Administration of Criminal Justice: Wrongful Conviction

It has been said that wrongful convictions are a triple failure of the justice system because an innocent person is wronged, a guilty person remains unaccountable, and the victim’s loved ones must contend with having blamed the wrong person. It is all but impossible to determine the precise number of wrongful convictions that occur in Canada for many reasons, but there are some indicators: to date, Innocence Canada has successfully exonerated 24 people; in the U.S., the National Registry of Exonerations currently lists 3,166 exonerations since 1989.

This course will explore both the causes of wrongful convictions and the various remedial approaches adopted by different jurisdictions, as well as safeguards put in place to attenuate the risk of wrongful convictions. In particular, you will study the following leading causes of wrongful convictions: adversarial excess, police and prosecutorial misconduct, tunnel vision, inadequate disclosure, frail identification evidence, false confessions, jailhouse informants, inadequate defence, and faulty forensic testing and junk science.

With respect to remedial options, you will learn about how Canadian exonerations are achieved through section s.696.1 of the Criminal Code. In addition, this course will examine the findings and recommendations of the various Canadian Commissions of Inquiry designed to explain and analyze the causes of a wrongful conviction in particular cases.

Criminal Law II: Advocacy & the Criminal Trial

This course bridges the divide between law school and a criminal law practice. Students will receive advanced instruction on a variety of topics at the intersection of criminal procedure and evidence. Students will then learn how to apply these legal principles to a trial. Students will receive a “disclosure” or “Crown” package as though they are working through a real trial. Using this material, students will learn how to formulate Notices of Application and Response, how to develop a factual foundation to support or refute a motion, and how best to present the facts on a motion. Class topics will focus on a variety of different motions commonly raised in criminal trials including Charter applications (search and seizure, arbitrary detention, right to counsel motions), applications to lead expert evidence, and similar fact applications.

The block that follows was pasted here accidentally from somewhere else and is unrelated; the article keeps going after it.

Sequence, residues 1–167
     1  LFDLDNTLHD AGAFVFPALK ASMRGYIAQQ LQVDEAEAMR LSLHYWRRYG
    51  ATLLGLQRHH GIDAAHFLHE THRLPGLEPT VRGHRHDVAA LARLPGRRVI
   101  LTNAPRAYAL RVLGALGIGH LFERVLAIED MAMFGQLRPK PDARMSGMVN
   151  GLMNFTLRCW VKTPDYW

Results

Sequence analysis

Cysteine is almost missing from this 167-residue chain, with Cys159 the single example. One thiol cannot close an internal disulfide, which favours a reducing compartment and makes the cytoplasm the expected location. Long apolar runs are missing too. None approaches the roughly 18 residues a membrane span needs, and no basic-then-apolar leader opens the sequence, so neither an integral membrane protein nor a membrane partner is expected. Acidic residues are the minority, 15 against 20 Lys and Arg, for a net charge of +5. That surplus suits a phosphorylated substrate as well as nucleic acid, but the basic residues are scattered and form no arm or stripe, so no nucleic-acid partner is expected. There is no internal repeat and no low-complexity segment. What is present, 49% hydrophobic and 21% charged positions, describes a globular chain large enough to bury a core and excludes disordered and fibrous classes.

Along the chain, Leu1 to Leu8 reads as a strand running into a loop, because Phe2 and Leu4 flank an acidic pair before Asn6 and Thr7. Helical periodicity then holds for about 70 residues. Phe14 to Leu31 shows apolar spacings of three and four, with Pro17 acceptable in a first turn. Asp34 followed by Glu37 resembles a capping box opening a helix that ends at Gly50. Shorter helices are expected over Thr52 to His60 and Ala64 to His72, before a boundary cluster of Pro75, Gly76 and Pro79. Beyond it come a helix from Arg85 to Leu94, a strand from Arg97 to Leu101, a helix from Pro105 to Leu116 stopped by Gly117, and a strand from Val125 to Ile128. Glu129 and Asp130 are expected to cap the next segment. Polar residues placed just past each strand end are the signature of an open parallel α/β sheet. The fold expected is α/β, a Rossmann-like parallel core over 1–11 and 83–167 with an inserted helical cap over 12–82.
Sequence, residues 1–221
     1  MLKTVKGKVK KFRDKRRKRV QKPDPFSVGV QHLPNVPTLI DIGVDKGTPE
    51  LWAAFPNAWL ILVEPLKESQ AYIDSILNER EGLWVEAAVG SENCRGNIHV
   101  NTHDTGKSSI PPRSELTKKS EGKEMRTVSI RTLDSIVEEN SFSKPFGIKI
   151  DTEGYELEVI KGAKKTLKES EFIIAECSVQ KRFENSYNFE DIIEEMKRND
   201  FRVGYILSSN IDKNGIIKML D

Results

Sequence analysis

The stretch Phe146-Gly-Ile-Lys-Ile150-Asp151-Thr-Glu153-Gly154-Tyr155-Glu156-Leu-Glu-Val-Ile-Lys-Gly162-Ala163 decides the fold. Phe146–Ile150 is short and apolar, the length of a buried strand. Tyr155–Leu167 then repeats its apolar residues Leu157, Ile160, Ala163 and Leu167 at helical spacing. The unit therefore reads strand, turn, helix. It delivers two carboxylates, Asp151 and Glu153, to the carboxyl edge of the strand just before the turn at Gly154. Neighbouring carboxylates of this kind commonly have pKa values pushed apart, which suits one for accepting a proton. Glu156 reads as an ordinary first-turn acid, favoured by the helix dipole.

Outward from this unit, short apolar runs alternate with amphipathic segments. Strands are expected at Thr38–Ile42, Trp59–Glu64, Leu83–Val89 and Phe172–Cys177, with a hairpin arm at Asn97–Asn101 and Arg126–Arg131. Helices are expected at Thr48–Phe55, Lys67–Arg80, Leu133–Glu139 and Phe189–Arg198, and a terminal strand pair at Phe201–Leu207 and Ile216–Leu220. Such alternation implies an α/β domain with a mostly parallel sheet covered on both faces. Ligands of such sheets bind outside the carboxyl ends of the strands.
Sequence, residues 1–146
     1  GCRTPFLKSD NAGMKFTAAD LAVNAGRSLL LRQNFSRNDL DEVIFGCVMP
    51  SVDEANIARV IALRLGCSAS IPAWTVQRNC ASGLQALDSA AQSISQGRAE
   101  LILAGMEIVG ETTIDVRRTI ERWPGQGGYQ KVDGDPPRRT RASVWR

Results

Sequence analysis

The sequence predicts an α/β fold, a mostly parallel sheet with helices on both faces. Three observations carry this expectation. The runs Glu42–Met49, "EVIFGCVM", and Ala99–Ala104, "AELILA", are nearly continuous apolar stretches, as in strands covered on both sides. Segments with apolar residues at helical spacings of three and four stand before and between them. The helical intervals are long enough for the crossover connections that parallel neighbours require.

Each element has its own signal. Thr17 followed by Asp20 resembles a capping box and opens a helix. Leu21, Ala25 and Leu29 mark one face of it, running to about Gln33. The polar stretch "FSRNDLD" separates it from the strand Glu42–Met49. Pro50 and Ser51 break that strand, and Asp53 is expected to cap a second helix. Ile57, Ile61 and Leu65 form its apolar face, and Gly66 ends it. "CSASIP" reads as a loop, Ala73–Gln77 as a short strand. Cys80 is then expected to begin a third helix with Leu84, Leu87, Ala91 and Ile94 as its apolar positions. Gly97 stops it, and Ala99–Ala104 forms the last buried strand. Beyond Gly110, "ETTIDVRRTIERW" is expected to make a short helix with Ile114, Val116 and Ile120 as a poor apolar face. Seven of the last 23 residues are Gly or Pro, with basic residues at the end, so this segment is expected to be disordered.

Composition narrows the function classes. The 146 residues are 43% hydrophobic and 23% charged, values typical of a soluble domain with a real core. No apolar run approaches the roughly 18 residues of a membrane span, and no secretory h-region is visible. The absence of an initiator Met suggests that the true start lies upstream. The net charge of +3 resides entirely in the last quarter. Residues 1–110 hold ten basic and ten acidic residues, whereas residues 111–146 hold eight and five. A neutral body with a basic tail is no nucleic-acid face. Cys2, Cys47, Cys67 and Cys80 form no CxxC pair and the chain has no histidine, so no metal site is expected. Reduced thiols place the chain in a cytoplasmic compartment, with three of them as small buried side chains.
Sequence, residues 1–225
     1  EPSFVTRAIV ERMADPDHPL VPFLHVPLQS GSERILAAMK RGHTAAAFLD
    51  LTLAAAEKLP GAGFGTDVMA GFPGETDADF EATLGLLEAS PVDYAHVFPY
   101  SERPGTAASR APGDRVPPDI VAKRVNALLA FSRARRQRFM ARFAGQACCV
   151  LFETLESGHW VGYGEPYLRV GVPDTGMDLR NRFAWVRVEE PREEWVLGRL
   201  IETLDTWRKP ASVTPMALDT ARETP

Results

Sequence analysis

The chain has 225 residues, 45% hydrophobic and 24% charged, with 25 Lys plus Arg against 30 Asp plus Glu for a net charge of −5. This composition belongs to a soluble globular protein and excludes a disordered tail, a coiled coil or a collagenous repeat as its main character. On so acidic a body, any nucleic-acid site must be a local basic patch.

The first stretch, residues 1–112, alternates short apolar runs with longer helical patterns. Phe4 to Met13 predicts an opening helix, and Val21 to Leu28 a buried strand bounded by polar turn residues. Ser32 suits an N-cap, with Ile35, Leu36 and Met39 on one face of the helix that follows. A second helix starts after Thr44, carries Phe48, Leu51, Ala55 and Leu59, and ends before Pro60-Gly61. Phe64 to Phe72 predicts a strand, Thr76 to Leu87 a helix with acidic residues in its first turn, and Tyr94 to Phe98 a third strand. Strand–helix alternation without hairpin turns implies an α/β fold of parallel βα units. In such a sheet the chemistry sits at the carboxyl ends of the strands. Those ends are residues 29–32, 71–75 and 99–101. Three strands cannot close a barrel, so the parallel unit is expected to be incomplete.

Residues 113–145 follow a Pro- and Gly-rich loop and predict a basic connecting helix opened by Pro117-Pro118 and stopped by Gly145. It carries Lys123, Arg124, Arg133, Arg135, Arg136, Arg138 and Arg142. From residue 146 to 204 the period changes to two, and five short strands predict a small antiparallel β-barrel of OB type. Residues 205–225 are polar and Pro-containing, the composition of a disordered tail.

Criminal Law II: Homicide

This advanced course in criminal law focuses on the law of homicide. The course will examine the constituent elements, available defences and relationship between forms of culpable homicide. The course will also address the prosecution and defence of homicide
charges, as well as evidentiary and procedural issues that frequently arise in homicide cases. In addition, the course will explore jury instructions at various stages of the trial.

Criminal Procedure

This course will provide students with an overview of the Canadian criminal process, with a special attention given to the limitations imposed by the Canadian Charter of Rights and Freedoms. It will begin with an exploration of police investigative powers. The authority of Canadian police to search/seize, question, detain, and arrest will all be considered in detail. The exclusion of unconstitutionally obtained evidence, as well as the availability of other constitutional remedies, will also be addressed. The course will then shift to a consideration of the criminal process after charges are formally brought, including intake procedures, bail, disclosure, plea, plea bargaining, prosecutorial discretion, and the right to a trial within a reasonable time. If time allows, some trial and post-trial issues may be considered, including jury selection, res judicata, and appeals. Throughout, various theoretical perspectives on criminal law and process will be discussed. The course will also seek to introduce key historical connections and important points of comparison between criminal procedure in Canada and the United States, primarily in terms of their constitutional regulation, as well as with the common law of England.